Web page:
Knowing the Stranger
By Barbara Weitz, CJJ-West leader
At Passover, we are called to remember the plight of all peoples in the world who, like us, retell the stories of deliverance from slavery to freedom. This simple act of remembering has been repeated for hundreds of generations and continues to have a power and cultural currency beyond the holiday. Our own story remains a powerful source of identity and motivation for the descendants of the Israelites. We were exiled from our homeland and enslaved in Egypt for four hundred years, and then stateless nomads for forty years in the wilderness of Sinai, at the mercy of the elements, often losing faith as danger surrounded us.
Because of this history, Carolina Jews for Justice asks that we be particularly mindful of the plight of the non-citizens among us and the vulnerable status they face. The Passover story reminds us that we were once surrounded by a hostile majority people, with no rights, living in hardship and fear. Throughout history, the Jewish people have so often been refugees that much of Jewish history can be characterized as a history of constant migration, forced and voluntary relocation, and resettlement.
We must, now and forever, embrace the responsibility to know the “heart of the alien.” The Torah commands us to treat them as our brothers and sisters. We know what it is like to be abandoned and have no recourse under law, and so we must not stand idly by, indifferent to the plight of the desperate people at our Southern border. Recalling, in memory and metaphor, our obligations as human beings and as Jews to one another and to the stranger, we will recite our Haggadah’s direct explanation for these obligations. The Passover Seder is a brilliant way in which we not only retell the story of the Exodus but relive the story with ritual foods and symbols that reflect the dynamic of moving from slavery to freedom. As we follow the progress of the Seder, we literally taste the bitterness of oppression and are reminded of what it is feels like to be the stranger, unwelcomed, with no one to come to our aid. The simple act of telling the story of our deliverance and reflecting on it is little more than a start — and it carries the grave risk of sentimentality.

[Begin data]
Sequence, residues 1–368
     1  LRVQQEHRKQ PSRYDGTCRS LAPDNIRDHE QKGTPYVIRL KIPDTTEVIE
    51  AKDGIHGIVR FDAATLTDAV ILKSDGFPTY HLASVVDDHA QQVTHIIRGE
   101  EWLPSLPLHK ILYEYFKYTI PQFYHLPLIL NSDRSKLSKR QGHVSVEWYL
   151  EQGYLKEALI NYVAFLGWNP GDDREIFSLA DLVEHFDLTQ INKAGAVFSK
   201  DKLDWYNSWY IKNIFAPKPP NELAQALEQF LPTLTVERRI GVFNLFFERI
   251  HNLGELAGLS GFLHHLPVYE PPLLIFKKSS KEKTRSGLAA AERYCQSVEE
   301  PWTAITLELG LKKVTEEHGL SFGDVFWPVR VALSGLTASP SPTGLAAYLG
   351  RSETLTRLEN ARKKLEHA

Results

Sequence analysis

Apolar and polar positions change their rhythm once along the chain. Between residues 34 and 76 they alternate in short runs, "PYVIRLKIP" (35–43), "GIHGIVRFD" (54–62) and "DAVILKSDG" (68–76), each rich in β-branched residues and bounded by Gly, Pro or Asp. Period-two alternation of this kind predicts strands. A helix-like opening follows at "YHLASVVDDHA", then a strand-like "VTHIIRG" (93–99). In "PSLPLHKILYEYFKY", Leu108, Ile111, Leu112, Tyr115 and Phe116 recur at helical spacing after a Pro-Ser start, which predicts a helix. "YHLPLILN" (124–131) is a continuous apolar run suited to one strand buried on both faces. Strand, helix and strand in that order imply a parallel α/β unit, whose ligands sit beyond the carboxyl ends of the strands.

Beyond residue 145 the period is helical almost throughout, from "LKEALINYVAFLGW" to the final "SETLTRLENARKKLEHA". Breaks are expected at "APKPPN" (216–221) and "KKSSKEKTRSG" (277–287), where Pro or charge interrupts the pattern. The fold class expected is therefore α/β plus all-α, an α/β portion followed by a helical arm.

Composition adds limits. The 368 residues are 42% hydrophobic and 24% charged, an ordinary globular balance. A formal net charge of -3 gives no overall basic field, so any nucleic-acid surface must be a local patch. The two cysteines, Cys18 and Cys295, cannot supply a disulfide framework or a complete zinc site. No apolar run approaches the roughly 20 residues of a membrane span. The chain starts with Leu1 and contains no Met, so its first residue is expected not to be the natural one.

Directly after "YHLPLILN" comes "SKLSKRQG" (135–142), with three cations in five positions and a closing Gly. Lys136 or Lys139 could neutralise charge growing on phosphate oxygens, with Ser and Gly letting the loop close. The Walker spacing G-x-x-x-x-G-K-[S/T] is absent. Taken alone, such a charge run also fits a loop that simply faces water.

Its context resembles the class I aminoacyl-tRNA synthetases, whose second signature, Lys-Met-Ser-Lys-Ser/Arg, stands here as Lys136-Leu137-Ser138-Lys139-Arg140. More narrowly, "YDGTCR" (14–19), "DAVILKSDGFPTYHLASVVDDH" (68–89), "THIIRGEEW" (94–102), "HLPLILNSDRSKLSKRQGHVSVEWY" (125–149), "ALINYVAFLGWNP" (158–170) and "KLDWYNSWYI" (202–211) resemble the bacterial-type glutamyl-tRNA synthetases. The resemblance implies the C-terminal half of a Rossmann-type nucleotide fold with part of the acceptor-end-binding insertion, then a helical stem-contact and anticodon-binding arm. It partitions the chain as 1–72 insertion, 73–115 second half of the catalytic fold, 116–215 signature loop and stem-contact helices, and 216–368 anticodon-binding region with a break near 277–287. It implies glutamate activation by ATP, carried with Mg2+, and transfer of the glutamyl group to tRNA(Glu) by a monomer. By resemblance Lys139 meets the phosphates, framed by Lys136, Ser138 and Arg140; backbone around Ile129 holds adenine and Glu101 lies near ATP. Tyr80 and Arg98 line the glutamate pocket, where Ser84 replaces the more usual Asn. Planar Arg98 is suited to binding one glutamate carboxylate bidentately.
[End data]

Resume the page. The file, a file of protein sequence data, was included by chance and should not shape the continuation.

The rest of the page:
As we celebrate our festival of liberation and freedom, we must not ignore that we are living in an era when hatred has been unleashed and goes unchecked in our own country and throughout the world. The ugliness of xenophobia and anti-immigrant sentiment is rampant. We live in a time and in a place where those seeking refuge are labeled as criminals, where children are forcibly separated from their parents and held in cells, where freedoms are trampled, and where the noble words inscribed on the Statue of Liberty are made null and void. That brilliant light that guided our parents, grandparents and great-grandparents to this country with the promise of safety and equality is being dimmed. The Red Sea parted for us. The Rio Grande is, at some locations, just a narrow concrete ditch with a little trickle of water, separating our neighbors from a “Promised Land,” and yet it cannot be traversed.
What you can do this Passover:
- Incorporate a discussion or reading about immigration issues in your celebration. An excellent resource is T’ruah’s Guide to the New Sanctuary Movement. Other resources are available from T’ruah, including a new Haggadah, The Other Side of the River, the Other Side of the Sea, and HIAS has published an excellent Haggadah connecting Passover with the modern refugee crisis;
- Support local immigrant justice organizations, such as CIMA;
- Support Jewish organizations engaged in helping immigrants, including HIAS and the World Jewish Congress;
- Advocate for public policies that remove unnecessary barriers to immigration reform; for example, passage of the Dream Act.